News & Events
Pass the Gavel Newsletter Keeps State, Federal Judges in Ohio Informed About Alternative Dispute Resolution
A generous gift from Arthur I. Vorys supports the newsletter
October 18, 2002
Pictured left to right are Todd Ellsworth, John Minter, Adjunct Professor James Lawrence,
Judge’s dockets are full; court dates are scarce; yet disputes still need prompt and effective resolution. This was the reasoning behind the creation of Pass the Gavel, a monthly newsletter to state and federal judges in Ohio on alternative dispute resolution (ADR), containing summaries of articles and court cases, articles by judges and practitioners, and nutshell explanations of existing court-annexed dispute resolution programs.
Financially supported by a generous gift from Arthur I. Vorys, the Vorys Research Institute at The Ohio State University, Moritz College of Law, created "Pass the Gavel" to inform judges and dispute resolution court personnel in Ohio about ADR methods.
Under the guidance of law school Dean Nancy Rogers, Professors Josh Stulberg and Sarah Cole, and the leadership of Adjunct Professor James Lawrence ’65 of Frost Brown Todd LLC, law students John Minter, Laura Monick, and Todd Ellsworth spent the summer researching and reading ADR articles, studying court systems to determine what makes them effective or may make them more effective, and interviewing judges and court administrators across Ohio. With the help of other faculty and support staff at the College and the artistic design of Barb Swartz, the first issue of Pass the Gavel appeared in September. The newsletter will be published during the school year by Jim Lawrence, John Minter and the addition of law students Eric Grasha and Matthew Hutchinson.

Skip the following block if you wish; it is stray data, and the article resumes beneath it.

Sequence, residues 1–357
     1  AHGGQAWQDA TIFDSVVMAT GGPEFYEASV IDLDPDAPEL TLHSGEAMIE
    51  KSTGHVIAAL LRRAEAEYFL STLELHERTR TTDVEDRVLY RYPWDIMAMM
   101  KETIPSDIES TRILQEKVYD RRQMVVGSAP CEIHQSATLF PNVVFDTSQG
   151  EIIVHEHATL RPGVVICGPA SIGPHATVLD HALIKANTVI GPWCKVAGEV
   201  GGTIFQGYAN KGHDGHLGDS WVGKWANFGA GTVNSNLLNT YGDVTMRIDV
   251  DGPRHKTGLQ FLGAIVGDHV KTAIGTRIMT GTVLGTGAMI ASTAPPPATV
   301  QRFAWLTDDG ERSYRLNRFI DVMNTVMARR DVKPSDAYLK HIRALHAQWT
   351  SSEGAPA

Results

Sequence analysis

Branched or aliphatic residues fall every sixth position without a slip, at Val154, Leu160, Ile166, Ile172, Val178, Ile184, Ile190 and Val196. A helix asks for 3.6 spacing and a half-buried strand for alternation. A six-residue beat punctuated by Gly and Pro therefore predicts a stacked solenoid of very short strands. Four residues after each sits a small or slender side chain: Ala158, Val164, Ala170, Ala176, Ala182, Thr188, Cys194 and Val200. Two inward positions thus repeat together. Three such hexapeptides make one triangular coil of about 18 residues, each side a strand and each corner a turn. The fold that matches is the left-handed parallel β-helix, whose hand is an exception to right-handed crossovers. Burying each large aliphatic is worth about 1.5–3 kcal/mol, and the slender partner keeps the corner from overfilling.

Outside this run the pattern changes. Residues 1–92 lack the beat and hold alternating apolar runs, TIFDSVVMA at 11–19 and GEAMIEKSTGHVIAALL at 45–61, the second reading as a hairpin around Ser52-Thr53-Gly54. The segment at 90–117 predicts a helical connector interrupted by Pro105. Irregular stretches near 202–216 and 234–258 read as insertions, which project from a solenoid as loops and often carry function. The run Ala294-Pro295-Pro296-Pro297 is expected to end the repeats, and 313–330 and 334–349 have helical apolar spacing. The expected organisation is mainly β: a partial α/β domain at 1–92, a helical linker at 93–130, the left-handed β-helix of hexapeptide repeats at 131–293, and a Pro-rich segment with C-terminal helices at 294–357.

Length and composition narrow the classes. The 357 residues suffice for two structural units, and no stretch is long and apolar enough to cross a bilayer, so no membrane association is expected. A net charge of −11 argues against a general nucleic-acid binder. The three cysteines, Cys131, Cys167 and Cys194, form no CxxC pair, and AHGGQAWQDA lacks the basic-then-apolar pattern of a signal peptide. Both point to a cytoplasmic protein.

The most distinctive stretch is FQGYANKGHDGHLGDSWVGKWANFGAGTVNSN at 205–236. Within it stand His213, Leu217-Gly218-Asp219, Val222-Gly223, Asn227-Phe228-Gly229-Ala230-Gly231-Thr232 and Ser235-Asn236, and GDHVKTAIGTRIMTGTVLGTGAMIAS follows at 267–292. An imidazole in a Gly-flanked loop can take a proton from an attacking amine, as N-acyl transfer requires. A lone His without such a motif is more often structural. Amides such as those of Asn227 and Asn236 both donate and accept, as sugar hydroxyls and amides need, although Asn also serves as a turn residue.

Pass the Gavel will be used by Ohio's court systems as a resource for the continued implementation of effective, efficient dispute resolution programs and helping Ohio courts operate ADR systems that will become models for other states.
Since 1891, the Moritz College of Law has played a leading role in the legal profession through countless contributions made by alumni and faculty. Graduates of the school reside in all 50 states and 20 other countries and include justices of the Ohio Supreme Court, current and former U.S. Senators and Representatives, managing partners in law firms of all sizes, chief executive officers of Fortune 500 corporations, and attorneys with non-profit organizations and public interest law firms.